Missouri entrepreneurs share success stories at #BOOM conference

Friday, February 21, 2014 | 7:57 p.m. CST

COLUMBIA — Bryan Simpson, a 25-year-old entrepreneur, started a T-shirt screening company from his college room in 2010. He now runs the 5 Pound Apparel retail store in Springfield, which helps support 15 nonprofit organizations.

Simpson was one of 12 presenters who shared their success stories at the #BOOM entrepreneurial summit on Friday in Columbia. He drew laughter from the audience by starting his presentation with his "Missouri is Awesome" video, which was part of a Kickstarter campaign he launched in July.

The event, organized by Regional Economic Development Inc., attracted a diverse audience of 400 attendees, event organizer Sean Siebert said, including high school and college students and professionals.

Siebert said he wanted to let a Missouri audience learn from entrepreneurial stories that began with a local approach. The #BOOM event is part of a process where he plants a seed to allow entrepreneurial stories to grow in Missouri, he said. Eleven of the 12 speakers were from Missouri.

“There are future billionaires in this room,” Siebert said. “But first we have to help these talents and then make them communicate together.”

The event was emceed by Veterans United Home Loans' Sarah Hill, and speakers included Beyond Meat CEO Ethan Brown, Lauren Rundquist of LaQuist, Stanton Brothers Eggs' Dustin and Austin Stanton and Missouri Secretary of State Jason Kander.

“It’s not only about agriculture in Missouri or about energy,” Siebert said. “It’s about potential and ideas.”

Using social media to reach a wider audience

Several speakers also highlighted the ways they used social media while developing their businesses.

Rundquist, an MU junior, started to develop her hand-painted shoe business with the help of social networks such as Instagram and Pinterest. She said that having a portfolio to show her seriousness and her professionalism was also key. She said her social media audience was as important as her local audience as her business grew.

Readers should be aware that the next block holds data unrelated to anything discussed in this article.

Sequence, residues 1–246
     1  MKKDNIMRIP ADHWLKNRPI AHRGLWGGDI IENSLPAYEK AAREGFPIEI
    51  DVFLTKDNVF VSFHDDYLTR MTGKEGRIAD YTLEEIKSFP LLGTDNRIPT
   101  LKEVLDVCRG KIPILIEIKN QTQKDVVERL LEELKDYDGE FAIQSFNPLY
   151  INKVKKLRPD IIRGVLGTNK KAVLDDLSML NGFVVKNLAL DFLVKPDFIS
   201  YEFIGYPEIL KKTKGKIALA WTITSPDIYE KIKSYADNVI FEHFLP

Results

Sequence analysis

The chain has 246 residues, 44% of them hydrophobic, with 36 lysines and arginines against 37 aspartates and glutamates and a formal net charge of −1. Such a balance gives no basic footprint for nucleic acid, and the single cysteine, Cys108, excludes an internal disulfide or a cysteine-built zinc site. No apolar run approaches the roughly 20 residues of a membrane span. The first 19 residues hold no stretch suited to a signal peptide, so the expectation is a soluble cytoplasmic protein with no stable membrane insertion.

“Social media is the key for the accelerated growth of a business,” Siebert said.

Siebert started using live stream services and Google Hangout at the 2013 #BOOM event when he realized that he could reach people outside Missouri. Michael Chatman was enticed by #BOOM's use of social media and agreed when Siebert reached out to him to participate in this year's event.

A Web-philanthropist based in Springfield, Chatman hosts a weekly Twitter show using the hashtag #WhyIGive where he talks with his followers about new opportunities for donations. He sees his work as an intermediate path helping people connect to philanthropic organizations. Through his work as Chief Generosity Officer at the fundraising organization Look to the Stars, he works with the Bill & Melinda Gates Foundation and celebrities.

“I started two and a half years ago with one participant in my show,” Chatman said during his talk. After a year, Chatman said the Gates Foundation had contacted him. Chatman now has 295,000 followers on Twitter and uses the social media website to reach young audiences to talk with them about the meaning of giving.

“We don’t have to give money,” Chatman said. “We can also increase generosity just by talking with people.”

Supervising editor is John Schneller.

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